Hassan Kurbanbaev: Logomania: Owning the world at half price
March 09, 2024–April 19, 2024

Micki Meng presents Hassan Kurbanbaev, works from Logomania : Owning The World at Half Price, 2019- 2020

He holds a gun like he’s firing the warning shot for an invasion of taste. The gun is a Cash Cannon. It shoots money. It’s made in collaboration with Supreme - you can tell because it says Supreme on it. Or this one isn’t made by Supreme, because it’s from a bazaar in Tashkent. But it could be made by Supreme, if they felt their logo needed a trigger. And it turns out they did feel that way, because they made some themselves, but not many, and not any more, so now you have to buy one at auction in Dallas for $525. Or in this bazaar in Tashkent, where they’re a dime a dozen. Then you can buy fake dollars to fire out of it. The fake dollars also say Supreme on them, so they’re even more valuable than actual dollars. But this guy doesn’t just have Supreme. He’s got a velour Fendi tracksuit to add to his brand salad. He looks like an athlete wearing a kit for three rival teams. At least the throw on his Ottoman brings out the red of his gun and Gucci sliders.

In the decades following the Soviet Union’s collapse in 1991, Hassan Kurbanbaev has witnessed the proliferation of Western luxury brand logos in Uzbekistan, where he lives and works. They infest pillows, plastic bags, or mutate and proliferate where they shouldn’t, with Apple’s bitten fruit stitched in sequins on slippers and jackets. And so Kurbanbaev stages his portraits as a traditional studio photographer might, only the props adorning his young subjects serve to obscure identity at the moment of exposure, as they hide behind multi-brand allegiances and grotesquely metastasising Chanel handbags. Where logos replicate, so do objects, and ultimately even people, as in Kurbanbaev’s portrait of two women branded with Louis Vuitton abayas who form mirror images of each other. Kurbanbaev gestures towards an identity vacuum in Uzbekistan, one increasingly filled with symbols of Western commercialism. And, like any good virus, once it infects, it uses its host to multiply: most of these knock-offs were manufactured in Uzbekistan itself.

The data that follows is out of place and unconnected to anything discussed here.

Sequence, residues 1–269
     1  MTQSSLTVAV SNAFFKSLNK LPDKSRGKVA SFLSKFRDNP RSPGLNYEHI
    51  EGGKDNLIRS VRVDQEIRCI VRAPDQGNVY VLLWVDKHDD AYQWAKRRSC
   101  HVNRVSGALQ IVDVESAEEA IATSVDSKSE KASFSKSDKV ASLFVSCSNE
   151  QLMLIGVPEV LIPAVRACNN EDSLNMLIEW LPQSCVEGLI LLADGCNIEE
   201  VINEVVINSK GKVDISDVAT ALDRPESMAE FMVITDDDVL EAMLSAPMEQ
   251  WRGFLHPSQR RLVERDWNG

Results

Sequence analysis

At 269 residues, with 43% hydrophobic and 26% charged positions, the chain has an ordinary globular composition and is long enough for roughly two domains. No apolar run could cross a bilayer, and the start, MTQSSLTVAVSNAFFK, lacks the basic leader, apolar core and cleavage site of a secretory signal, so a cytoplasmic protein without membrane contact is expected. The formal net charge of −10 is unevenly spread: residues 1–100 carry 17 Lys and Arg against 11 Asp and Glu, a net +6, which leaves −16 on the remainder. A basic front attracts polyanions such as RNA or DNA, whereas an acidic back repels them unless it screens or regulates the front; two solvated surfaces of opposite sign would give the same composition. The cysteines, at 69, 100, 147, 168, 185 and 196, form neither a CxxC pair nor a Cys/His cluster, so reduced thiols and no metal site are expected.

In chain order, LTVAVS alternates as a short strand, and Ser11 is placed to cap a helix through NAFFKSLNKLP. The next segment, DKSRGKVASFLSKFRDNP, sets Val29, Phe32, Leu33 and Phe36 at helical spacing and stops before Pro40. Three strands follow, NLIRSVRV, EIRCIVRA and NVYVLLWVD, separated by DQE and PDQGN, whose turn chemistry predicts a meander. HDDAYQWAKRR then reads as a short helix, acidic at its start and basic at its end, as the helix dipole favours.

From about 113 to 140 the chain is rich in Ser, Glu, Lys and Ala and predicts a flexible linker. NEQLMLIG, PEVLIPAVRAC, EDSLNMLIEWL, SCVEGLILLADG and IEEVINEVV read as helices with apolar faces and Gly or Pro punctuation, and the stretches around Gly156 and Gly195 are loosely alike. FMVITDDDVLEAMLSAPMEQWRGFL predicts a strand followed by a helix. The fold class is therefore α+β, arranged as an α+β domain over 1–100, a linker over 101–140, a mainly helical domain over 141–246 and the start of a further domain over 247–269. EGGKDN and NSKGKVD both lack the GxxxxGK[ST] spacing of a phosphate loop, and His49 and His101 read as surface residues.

These are portraits, however, not purely of Western infiltration, but a distinct brand of hybridisation. Uzbekistan’s first and only President since 1991, Islam Karimov, died in 2016. Since then, Kurbanbaev has sensed an increasing willingness to explore social and political affairs in the country, and an increased degree of exposure to the rest of the world. It is a shift that begins to dismantle, as he says, “a long story of censorship and lack of truth about ourselves”. He sees people now proud to be Muslim, who might revel in the opportunity to flaunt a Chanel hijab. And when that woman poses with seven Chanel handbags amidst a backdrop that looks like the interior of the Palace of Versailles, there’s a sense that the real locus of luxury has shifted away from the historical centres of opulence in the West towards those who might now be able to seize some of its symbolic value for themselves.

– Adam Hines-Green

Hassan Kurbanbaev is a photographer based in Tashkent, Uzbekistan. In 2020, he had a solo exhibition at 139 Documentary Center, in Tashkent, Uzbekistan, titled Homework. Notable group exhibitions include Baesianz presents KIN, Guts Gallery, London, UK (2023); New East Festival : A celebration of contemporary photography, IDEAL Barcelona, Barcelona, Spain (2023); All In This Together, Photo Vogue Festival, Milan, Italy (2020); Young Curators: Tell me, Noorderlicht International Photo Festival, Groningen, The Netherlands (2020); and Post-Soviet Visions: image and identity in the new Eastern Europe, Calvert 22 Foundation, London, UK (2018). In 2023 he was a finalist in the Aperture Portfolio Prize.